I was just reading about all the wonderful BYOBs in Philly, and I realized I could not think of a single BYOB in DC. Not places that sell wine but also allow you to bring your own or places that waive the corkage fees on special nights, but your typical, no liquor license, do not sell any of their own wine, BYOB. Does anyone know of any? If not, I wonderful if there is some DC law I do not know about!

Not sure about the laws here in DC, but the BYOBs in Philly are a product of the fixed/limited number of liquor licenses that are available. They were able to get around the rules with the BYOB thing and it makes my trips to Philly that much better!

#43 Sthitch

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Posted 02 March 2006 - 02:46 PM

I am not sure of any other state other than Pennsylvania that allows alcohol to be consumed on a premises that does not have a liquor license. Also as mdt mentioned the state of Pennsylvania limits the amount of licenses available, it also makes them nearly cost prohibitive to obtain. I recently heard that it costs between 50k-100k to obtain one in the city of Philadelphia.

#44 monavano

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Posted 02 March 2006 - 02:50 PM

I am not sure of any other state other than Pennsylvania that allows alcohol to be consumed on a premises that does not have a liquor license.  Also as mdt mentioned the state of Pennsylvania limits the amount of licenses available, it also makes them nearly cost prohibitive to obtain.  I recently heard that it costs between 50k-100k to obtain one in the city of Philadelphia.


New Jersey has lots.

#45 dmwine

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Posted 02 March 2006 - 03:48 PM

I was just reading about all the wonderful BYOBs in Philly, and I realized I could not think of a single BYOB in DC. Not places that sell wine but also allow you to bring your own or places that waive the corkage fees on special nights, but your typical, no liquor license, do not sell any of their own wine, BYOB. Does anyone know of any? If not, I wonderful if there is some DC law I do not know about!

Full Kee in Chinatown used to be a haven, er, heaven for wine lovers. Is that place still in business? :lol:

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#46 youngfood

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Posted 02 March 2006 - 04:00 PM

Mmmmmmmm - Full Key. It is still open, still has great shrimp dumpling soup and still lets patrons BYOB. You may have just convinved me to go there tonight! The food qualifies for cheap eats even w/o the BYOB.

#47 Joe Riley

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Posted 02 March 2006 - 09:52 PM

Mmmmmmmm - Full Key.  It is still open, still has great shrimp dumpling soup and still lets patrons BYOB.  You may have just convinved me to go there tonight!  The food qualifies for cheap eats even w/o the BYOB.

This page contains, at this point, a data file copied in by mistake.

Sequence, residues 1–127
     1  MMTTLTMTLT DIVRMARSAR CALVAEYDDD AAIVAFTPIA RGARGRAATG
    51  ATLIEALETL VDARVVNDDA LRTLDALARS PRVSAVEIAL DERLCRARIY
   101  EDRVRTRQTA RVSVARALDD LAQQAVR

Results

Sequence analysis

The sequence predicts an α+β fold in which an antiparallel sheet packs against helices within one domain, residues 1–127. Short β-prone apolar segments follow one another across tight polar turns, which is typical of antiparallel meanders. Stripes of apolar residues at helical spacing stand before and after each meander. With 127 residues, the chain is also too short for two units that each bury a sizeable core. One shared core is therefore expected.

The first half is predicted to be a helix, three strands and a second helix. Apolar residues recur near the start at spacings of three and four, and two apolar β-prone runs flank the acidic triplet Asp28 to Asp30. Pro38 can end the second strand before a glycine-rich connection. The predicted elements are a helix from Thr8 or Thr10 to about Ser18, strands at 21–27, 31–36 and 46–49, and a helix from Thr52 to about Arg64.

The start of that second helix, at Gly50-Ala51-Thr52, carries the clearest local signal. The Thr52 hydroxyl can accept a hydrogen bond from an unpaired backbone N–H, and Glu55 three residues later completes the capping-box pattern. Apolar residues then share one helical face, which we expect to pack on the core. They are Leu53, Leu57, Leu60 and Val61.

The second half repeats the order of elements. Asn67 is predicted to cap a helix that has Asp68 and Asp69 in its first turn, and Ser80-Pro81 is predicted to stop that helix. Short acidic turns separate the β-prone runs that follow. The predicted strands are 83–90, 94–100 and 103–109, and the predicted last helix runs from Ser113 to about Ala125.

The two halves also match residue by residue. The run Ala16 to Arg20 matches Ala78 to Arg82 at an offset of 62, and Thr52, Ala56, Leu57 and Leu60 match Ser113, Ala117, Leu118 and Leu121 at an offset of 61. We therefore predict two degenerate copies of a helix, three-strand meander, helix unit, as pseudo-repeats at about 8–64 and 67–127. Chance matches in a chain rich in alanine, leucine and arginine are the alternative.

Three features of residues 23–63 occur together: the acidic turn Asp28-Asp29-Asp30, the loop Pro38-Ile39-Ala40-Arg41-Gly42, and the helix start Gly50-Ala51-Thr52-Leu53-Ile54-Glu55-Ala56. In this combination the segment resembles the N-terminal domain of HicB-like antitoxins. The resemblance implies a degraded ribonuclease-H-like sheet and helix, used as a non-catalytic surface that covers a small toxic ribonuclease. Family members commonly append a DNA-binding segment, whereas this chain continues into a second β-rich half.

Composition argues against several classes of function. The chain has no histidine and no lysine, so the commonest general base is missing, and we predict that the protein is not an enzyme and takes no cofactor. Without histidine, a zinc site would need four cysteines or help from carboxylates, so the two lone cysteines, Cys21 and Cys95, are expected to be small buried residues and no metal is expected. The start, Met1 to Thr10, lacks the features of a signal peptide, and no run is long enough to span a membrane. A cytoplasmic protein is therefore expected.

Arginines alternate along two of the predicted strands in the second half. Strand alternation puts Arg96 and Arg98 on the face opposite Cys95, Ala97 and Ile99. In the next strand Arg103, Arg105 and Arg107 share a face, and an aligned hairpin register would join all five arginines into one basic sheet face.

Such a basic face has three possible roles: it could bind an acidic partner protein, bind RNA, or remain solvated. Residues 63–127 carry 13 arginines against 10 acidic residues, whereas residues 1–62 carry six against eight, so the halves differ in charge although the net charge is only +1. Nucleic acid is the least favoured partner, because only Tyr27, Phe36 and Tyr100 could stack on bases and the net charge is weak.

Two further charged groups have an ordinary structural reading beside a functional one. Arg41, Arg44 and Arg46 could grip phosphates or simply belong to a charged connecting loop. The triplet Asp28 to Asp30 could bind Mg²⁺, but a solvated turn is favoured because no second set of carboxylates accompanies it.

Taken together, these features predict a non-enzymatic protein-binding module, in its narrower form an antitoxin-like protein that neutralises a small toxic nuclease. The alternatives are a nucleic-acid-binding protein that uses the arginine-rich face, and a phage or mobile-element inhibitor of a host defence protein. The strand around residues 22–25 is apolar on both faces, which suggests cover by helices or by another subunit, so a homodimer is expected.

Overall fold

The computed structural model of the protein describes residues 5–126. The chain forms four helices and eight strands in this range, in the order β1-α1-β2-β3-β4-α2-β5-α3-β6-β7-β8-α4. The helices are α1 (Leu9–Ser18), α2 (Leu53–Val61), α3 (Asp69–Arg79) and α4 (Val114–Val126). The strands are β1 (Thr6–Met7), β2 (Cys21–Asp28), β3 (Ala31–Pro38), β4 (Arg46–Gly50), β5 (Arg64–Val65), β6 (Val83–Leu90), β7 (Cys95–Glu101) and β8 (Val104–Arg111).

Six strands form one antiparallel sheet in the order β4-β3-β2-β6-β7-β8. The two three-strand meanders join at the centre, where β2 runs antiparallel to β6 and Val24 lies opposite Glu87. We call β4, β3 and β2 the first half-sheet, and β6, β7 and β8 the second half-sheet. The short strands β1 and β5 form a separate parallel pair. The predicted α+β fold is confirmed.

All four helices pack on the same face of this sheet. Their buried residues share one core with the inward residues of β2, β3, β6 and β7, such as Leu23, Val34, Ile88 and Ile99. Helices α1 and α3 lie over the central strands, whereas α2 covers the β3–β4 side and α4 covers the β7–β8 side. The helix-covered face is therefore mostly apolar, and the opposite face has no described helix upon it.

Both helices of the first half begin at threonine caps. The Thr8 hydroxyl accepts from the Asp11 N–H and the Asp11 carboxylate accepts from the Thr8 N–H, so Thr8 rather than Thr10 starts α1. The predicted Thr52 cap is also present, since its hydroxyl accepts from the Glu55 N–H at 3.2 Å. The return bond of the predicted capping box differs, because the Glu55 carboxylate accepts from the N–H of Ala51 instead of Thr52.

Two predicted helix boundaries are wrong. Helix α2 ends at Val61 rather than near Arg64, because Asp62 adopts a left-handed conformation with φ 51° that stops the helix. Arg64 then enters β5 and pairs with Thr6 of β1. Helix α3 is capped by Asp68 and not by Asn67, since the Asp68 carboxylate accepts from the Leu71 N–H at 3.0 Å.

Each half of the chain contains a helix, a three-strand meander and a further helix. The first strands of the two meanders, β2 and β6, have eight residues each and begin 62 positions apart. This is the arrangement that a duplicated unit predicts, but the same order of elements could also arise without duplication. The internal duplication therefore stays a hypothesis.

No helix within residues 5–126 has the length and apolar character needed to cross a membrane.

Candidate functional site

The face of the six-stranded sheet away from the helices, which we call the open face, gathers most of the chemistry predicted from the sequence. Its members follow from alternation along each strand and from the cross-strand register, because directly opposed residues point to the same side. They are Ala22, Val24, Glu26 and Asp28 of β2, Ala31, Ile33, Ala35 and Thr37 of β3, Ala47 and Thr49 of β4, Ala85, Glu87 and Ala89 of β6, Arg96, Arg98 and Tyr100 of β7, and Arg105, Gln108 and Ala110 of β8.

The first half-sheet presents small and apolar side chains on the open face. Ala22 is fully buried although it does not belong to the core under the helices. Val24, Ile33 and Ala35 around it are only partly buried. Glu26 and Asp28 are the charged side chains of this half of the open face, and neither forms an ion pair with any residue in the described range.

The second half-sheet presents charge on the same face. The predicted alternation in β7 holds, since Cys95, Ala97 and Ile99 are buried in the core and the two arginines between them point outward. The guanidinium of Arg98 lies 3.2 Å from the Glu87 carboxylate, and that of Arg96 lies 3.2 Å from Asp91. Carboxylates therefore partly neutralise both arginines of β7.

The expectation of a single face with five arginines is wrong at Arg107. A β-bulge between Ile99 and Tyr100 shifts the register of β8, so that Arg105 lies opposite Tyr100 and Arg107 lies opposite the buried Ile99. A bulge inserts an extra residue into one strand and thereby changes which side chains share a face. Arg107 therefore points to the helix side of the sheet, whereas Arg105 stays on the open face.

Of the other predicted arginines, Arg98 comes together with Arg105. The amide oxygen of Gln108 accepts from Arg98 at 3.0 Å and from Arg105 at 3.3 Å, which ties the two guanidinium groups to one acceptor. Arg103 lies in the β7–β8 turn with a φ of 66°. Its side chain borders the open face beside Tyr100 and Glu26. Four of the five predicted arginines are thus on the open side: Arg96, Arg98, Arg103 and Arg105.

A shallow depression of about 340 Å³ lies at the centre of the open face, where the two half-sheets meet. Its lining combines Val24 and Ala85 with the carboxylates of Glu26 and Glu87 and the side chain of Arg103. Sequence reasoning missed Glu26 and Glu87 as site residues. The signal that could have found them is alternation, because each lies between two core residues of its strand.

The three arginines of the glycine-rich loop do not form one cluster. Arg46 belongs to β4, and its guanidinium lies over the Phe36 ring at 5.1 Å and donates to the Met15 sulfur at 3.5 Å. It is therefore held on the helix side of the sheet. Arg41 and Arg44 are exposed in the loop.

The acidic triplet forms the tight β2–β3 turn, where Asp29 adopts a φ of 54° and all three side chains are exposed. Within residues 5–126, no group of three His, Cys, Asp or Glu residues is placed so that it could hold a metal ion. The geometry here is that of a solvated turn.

It's my understanding that Tom Sietsma blew the lid off their BYOB policy because they don't have an alcohol beverage license, so the district government informed them that they cannot allow patrons to bring any of their own alcohol onto the premises.

It USED to be a fantastic deal - BYOB, but also bring your own stemware (since Full Kee has none), but, alas, I believe those days are gone.

I hope I'm wrong.

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#48 Pool Boy

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Posted 26 June 2006 - 10:04 AM

I think that the way that some places in MD (and maybe VA) deal with BYOW, which is technically illegal, is to do it via a private room event. I think that might be a way for the places that do do it to get around that law, legally. But it's just a guess.

Another great way to enjoy wine is to either host an event for your fellow foodie/wino pals or be lucky enough to be invited to such an event. :unsure:

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#49 Josh Radigan

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Posted 26 June 2006 - 10:19 AM

understand the law in VA, you can not, I repeat, can not bring in any alcholic beverage or even container into a restaurant to consumme. You can't even bring in a water bottle if you choose to do so.

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#50 Sthitch

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Posted 26 June 2006 - 10:37 AM

I think that the way that some places in MD (and maybe VA) deal with BYOW, which is technically illegal, is to do it via a private room event. I think that might be a way for the places that do do it to get around that law, legally. But it's just a guess.

In Virginia the entire restaurant has to be closed for the private party to allow for corkage. A private room is not a legal work-around. Jonathan Krinn used to allow people to host dinners in the private rooms highlighting their own wines. However, he received an unsolicited clarification of the law from the ABC that has led to the cessation of these dinners.
As for Maryland, the state does not prohibit corkage, but Montgomery County does prohibit it.